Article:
In lieu of an abstract, here is a brief excerpt of the content:

American Speech 79.1 (2004) 110-112

[Access article in PDF]

Meaningful Infixing:
a Nonexpletive Form

Michael Adams
Albright College

According to James B. McMillan (1980, 163), infixing generates a lexeme with "a polysyllabic word as the matrix and an emotional intensifier (an expletive or a euphemism) as the insert," such as guaranfuckingtee or unfuckingbelievable. Infixes are "emotive stress amplifier[s]," and inserts are usually semantically neutral, though recent evidence proves that infixes (and interposings) can take meaningful inserts on occasion, whenever a meaningful infix (or interposing) best serves a complex, probably humorous, rhetorical situation (Adams 1999, 2001, 2002). McMillan (1980, 167) insisted that "some inserts which are not expletives and which add lexical meaning to their matrices rather than emotive intensity should not be classified as infixes" and illustrated the point with, among other literary coinages, Gerard Manly Hopkins's wind-lilylocks-laced and E. E. Cummings's democra(caveat emptor)cy, which, he suggested, were examples of tmesis, or perhaps diacope, rather than infixing. While every rule admits exceptions, one finds it difficult to imagine a nonexpletive infix: all of the examples of meaningful infixes (and interposings) previously recorded are admirably expletive; the inserts "add lexical meaning to their matrices" IN ADDITION TO, not RATHER THAN "emotive intensity."

Nonetheless, a possible nonexpletive form is tucked away in an overlooked corner of American speech: "Slay the Critics," the letters to the editor section of Dark Horse Comics' series of Buffy the Vampire Slayer comic books. A correspondent named Brandon (2002, [27]) writes, "Fassbender & Pascoe, in my unprofessional opinion, need to take a leap of faith, and really do something to the Buffy-comicverse." In order to take the form as an infixing, one must take -comic- as the insert andrecognize Buffyverse 'world of all things relating to Buffy the Vampire Slayer or the television show, Buffy the Vampire Slayer', a quotidian blend of Buffy and universe, as the matrix.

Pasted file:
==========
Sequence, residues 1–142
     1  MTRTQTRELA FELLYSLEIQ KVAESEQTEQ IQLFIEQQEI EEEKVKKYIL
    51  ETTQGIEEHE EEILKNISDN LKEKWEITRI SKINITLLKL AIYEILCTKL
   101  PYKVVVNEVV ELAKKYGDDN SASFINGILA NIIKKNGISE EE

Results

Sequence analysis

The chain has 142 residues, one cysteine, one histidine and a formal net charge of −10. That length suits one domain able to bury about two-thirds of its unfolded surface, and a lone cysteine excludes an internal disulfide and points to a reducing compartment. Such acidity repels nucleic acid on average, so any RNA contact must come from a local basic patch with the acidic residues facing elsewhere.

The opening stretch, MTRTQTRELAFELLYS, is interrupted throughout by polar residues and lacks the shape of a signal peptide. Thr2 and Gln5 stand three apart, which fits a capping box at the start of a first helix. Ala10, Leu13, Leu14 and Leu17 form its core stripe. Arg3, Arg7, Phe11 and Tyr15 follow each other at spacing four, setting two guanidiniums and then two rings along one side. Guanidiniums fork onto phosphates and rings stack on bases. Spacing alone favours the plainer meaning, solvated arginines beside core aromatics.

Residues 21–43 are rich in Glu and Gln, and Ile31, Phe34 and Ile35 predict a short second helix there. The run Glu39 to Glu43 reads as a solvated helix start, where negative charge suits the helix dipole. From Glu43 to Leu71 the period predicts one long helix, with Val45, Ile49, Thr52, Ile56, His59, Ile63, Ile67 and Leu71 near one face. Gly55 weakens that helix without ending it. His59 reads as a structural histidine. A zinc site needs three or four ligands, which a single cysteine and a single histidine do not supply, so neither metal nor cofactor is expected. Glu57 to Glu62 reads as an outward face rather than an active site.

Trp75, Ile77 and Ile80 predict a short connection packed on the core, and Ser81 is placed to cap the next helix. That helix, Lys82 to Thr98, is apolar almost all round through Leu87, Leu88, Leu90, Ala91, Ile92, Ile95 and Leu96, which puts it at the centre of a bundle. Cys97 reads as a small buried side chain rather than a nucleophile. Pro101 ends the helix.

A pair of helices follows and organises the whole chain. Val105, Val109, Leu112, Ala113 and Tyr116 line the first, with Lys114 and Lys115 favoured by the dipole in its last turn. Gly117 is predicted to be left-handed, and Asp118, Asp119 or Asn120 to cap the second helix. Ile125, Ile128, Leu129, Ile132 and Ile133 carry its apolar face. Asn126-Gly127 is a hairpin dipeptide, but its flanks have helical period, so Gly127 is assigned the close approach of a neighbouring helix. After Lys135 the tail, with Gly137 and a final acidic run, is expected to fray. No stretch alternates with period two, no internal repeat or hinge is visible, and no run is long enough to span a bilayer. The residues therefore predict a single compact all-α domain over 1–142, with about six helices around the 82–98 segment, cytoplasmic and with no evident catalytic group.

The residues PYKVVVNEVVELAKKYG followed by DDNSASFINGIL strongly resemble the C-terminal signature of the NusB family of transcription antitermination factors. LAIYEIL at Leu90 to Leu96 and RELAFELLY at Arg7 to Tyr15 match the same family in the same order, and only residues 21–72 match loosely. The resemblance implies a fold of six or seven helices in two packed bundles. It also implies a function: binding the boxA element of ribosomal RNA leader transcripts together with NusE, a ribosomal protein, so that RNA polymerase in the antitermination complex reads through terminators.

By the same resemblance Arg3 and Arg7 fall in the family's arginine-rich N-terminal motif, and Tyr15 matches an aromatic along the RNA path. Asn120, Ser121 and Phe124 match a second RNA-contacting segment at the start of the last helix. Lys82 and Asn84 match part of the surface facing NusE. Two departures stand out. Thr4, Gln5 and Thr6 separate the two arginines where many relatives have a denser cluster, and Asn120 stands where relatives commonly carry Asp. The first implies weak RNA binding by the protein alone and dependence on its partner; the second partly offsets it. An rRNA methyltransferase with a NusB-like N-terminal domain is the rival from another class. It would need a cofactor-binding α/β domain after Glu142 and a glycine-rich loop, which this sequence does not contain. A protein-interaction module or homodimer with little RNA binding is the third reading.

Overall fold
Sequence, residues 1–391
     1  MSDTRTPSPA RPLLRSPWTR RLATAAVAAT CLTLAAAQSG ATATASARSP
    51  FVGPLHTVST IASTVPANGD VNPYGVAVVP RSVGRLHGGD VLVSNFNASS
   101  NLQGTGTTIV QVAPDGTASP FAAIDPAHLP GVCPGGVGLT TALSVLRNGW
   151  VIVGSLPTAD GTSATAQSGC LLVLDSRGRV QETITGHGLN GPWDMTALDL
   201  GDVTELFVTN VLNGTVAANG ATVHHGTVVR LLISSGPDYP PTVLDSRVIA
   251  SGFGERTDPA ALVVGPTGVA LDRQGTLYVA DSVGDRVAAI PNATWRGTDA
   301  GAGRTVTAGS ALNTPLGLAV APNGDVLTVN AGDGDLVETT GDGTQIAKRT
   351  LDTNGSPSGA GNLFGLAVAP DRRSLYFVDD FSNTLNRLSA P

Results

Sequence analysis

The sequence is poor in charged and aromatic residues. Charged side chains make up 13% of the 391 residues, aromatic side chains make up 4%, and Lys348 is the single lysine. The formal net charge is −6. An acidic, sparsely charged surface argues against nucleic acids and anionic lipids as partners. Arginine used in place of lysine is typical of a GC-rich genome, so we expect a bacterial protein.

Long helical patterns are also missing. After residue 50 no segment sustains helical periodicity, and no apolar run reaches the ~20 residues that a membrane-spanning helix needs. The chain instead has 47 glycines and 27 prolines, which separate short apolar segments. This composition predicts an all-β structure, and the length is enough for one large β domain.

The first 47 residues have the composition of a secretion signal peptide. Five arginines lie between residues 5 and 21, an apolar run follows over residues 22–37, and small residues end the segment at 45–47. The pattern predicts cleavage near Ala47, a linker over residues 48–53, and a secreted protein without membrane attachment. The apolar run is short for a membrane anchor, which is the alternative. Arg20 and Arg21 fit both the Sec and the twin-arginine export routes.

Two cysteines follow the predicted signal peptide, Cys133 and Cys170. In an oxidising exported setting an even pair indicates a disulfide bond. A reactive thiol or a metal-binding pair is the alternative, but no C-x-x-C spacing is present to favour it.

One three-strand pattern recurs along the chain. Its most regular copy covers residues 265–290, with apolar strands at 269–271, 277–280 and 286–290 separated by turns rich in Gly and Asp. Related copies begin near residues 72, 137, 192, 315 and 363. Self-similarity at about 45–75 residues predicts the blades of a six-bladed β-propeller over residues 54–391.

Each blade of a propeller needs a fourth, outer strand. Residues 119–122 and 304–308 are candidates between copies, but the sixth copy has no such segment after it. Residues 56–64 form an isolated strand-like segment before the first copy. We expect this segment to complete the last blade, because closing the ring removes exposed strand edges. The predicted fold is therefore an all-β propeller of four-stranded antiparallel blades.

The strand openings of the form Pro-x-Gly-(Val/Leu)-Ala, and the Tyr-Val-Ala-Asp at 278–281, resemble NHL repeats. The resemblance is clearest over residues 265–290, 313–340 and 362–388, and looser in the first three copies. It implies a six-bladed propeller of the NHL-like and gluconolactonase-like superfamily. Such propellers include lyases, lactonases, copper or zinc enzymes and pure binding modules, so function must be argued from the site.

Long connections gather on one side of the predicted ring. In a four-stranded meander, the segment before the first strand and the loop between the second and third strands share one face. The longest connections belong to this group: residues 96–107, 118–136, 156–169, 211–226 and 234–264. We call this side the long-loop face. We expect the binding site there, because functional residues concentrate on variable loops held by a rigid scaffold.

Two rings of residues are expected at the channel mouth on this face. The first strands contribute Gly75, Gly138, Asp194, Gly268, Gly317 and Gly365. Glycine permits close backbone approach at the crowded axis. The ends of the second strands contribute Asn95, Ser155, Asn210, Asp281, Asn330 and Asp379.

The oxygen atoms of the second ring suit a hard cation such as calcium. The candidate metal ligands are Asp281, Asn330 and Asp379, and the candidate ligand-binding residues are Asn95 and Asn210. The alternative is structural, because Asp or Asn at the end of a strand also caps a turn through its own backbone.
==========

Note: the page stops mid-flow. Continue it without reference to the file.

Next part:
As recorded in Slayer Slang: A "Buffy the Vampire Slayer" Lexicon (Adams 2003, 158-59), Buffyverse is fully lexicalized, illustrated in the glossary by 12 quotations, spanning 1999 to 2002, from sources as diverse as The Bronze and Bronze: Beta (official Buffy posting boards), a Buffy-relatedWeb site, a book about the television series, articles in American Libraries and Entertainment [End Page 110] Weekly, and essays from two scholarly collections about the show. The glossary also includes three quotations that illustrate the term's attributive use.

There are reasons, however, to question whether the form is an infixing at all. For instance, the Buffy in every other Buffyverse refers to the character, not to the show, and does not appear in italics, as it does in the form under scrutiny here. Also, it isn't clear why Buffy is separated from comicverse with a hyphen: one might interpret this as evidence of attributive compounding rather than infixing, with comicverse a novel blend; certainly, in "I'm hoping, wishing, you can get some fresh blood to pick up the Buffy-pencil," the sentence immediately preceding that with Buffy-comicverse, Buffy serves just such a formative purpose. Yet earlier in the paragraph, Brandon laments that he misses "the teens and the twenties of the Buffy comics," in which the attribution is accomplished without any hyphen. Or, as a referee for this article suggested, perhaps Brandon blends Buffy-comic and universe. Or perhaps the hyphen attempts to ensure that we understand the form as an infixing, by indicating that Buffy is not used merely attributively but as one component of a complex item.

And one might object to classifying Buffy-comicverse as an infix on McMillan's grounds: "sixteenth-century scholars imported the terms TMESIS and DIACOPE to describe the interruption of a compound by another word" (1980, 163). In other words, where an infixing or interposing is not an "emotional stress amplifier," we observe tmesis or diacope, instead. But neither classical rhetorical term quite captures the phenomenon described here. According to Lanham (1991, 49-50), diacope is "repetition of a word with one or a few words in between: 'My heart is fixed, O God, my heart is fixed' (Peacham)," whereas...


Additional Information

Print ISSN
pp. 110-112
Launched on MUSE
Open Access
Archive Status
Archived 2005
Back To Top

This website uses cookies to ensure you get the best experience on our website. Without cookies your experience may not be seamless.